You don't need to achieve anything. 

"Goals are great to keep your mind and body active. But you know what, some days you don’t need to achieve anything! Living in lockdown during a pandemic is EXHAUSTING! Be gentle with yourself, you deserve this."

"Lower standards. In my house we lived by a 'near enough is good enough' policy. Last lockdown we just played and watched telly!"

Practice gratitude.

"Practice gratitude, your lockdown is possibly a lot more comfortable than others. "

Walk before you start work. 

"If you’re WFH, go for a walk before you login every morning."

Do whatever brings you joy. 

"If you feel like lying in bed and doing nothing, and having a ‘mental health day’ do it. I felt pressured in our big lock down last year to always feel ‘positive’ and have heaps of tasks and things to do but sometimes I did want to have a day to feel sorry for myself and sloth around in pjs and eat ice cream. Whatever brings you any joy, just go with it and don’t feel guilty. Sending lots of love, it’s so much harder than people realise."

Screen time doesn't count in lockdown. 

"My lockdown routine with my toddler was go for a walk in the morning. Lunch at home. Nap (both of us) then maybe another walk in the afternoon (when we were allowed more than one) or play in the backyard/front yard. And lots of TV! Screen time doesn’t count during lockdown! It’s not exciting, but it kept me going. We’re rooting for you NSW. Thank you for your sacrifices. We love you, from Melbourne."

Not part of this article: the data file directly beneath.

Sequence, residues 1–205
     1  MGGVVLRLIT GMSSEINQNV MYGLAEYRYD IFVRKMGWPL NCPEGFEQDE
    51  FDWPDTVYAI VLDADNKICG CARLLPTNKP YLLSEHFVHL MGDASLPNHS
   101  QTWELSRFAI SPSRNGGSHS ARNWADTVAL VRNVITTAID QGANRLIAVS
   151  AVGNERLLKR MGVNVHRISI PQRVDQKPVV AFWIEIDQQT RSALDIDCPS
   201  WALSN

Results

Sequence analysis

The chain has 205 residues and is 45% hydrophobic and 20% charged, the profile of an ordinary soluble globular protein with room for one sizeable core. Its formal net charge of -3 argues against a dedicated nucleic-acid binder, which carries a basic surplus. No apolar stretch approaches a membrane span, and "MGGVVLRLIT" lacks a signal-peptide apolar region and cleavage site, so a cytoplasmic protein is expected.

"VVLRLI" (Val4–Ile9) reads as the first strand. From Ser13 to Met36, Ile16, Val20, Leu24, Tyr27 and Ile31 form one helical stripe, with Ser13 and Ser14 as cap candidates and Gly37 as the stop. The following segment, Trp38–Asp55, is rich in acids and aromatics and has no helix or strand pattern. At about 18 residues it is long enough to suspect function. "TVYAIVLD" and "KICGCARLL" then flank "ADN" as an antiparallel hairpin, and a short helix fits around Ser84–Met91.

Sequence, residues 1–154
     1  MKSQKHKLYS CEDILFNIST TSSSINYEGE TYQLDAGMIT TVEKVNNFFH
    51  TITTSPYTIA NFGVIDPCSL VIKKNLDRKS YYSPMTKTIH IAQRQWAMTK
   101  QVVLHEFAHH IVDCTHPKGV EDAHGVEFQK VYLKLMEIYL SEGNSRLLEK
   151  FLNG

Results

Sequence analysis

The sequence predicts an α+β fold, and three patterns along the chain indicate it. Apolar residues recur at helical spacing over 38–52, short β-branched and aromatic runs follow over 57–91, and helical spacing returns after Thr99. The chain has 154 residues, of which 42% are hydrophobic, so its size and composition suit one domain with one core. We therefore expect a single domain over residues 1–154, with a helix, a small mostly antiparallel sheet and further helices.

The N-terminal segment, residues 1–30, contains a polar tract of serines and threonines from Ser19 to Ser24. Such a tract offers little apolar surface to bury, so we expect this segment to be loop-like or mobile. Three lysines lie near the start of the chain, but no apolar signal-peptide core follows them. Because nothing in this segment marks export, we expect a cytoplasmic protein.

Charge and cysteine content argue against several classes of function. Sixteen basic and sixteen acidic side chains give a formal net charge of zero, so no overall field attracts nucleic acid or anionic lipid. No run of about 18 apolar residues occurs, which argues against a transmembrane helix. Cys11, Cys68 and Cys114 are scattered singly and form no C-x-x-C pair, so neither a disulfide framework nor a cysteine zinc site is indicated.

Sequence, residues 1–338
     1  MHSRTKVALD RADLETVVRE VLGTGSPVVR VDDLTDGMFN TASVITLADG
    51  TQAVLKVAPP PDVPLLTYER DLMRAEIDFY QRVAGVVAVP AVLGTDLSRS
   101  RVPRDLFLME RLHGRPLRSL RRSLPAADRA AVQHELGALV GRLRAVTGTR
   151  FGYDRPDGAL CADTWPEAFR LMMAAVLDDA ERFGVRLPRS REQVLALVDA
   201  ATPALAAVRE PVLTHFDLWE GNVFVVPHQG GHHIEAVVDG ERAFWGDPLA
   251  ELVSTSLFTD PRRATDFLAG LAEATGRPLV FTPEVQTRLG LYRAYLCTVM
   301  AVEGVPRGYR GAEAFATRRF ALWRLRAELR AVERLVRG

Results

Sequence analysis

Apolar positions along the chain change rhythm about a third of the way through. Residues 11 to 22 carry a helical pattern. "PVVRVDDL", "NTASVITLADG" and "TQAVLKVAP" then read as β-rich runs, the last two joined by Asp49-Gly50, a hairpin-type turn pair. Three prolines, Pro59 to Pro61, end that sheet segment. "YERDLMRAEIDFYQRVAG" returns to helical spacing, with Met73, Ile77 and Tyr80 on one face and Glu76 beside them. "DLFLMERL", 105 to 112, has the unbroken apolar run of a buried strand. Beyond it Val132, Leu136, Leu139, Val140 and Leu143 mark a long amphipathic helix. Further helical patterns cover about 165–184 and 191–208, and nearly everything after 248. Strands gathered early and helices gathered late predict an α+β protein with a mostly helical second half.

Meet your neighbour over the fence.

"Don’t watch the news all the time, just check the numbers once a day and leave it, it’s damaging. Meet your neighbour over the fence. I have a new friend in my 90-year-old neighbour, we sat on our driveways and had a glass of wine together during lockdown. Don’t be hard on yourself - there are no expectations on you as you get through this."

Pick up the phone. 

"Call your friends and family more often. It will help a lot."

Get busy around the house.  

"Hang in there Sydney. It will pass. What did we do? We turned off the TV and radio, texted or called friends to check on them, sent care packs to those struggling, cleaned out wardrobes (keep pile and charity pile), cleaned out pantry and fridge... Baked a lot of cakes, had deep, open talks with my adult children, still at home and it brought us closer. I also walked every day and got out into the garden."

Reach out for support. 

"Try to get do something for yourself each day walking around the block, reading a book, baking some muffins or taking a long bath. And remember it's ok to not be ok... reach out to your support networks and see you're GP or call Beyond Blue for support if you need it. Lockdown is hard, us Victorians know how you're feeling and were here to support you."

If you think you may be experiencing depression or another mental health problem, please contact your general practitioner. If you're based in Australia, 24-hour support is available through Lifeline on 13 11 14 or beyondblue on 1300 22 4636.

If you, or a young person you know, is struggling with symptoms of mental illness please contact your local headspace centre here or chat to them online, here. If you are over the age of 25 and suffering from symptoms of mental illness please contact your local GP for a Mental Health Assessment Plan or call Lifeline Australia on 13 11 14.

Kid's Helpline is also available on 1800 551 800.

Feature Image: Getty/Mamamia.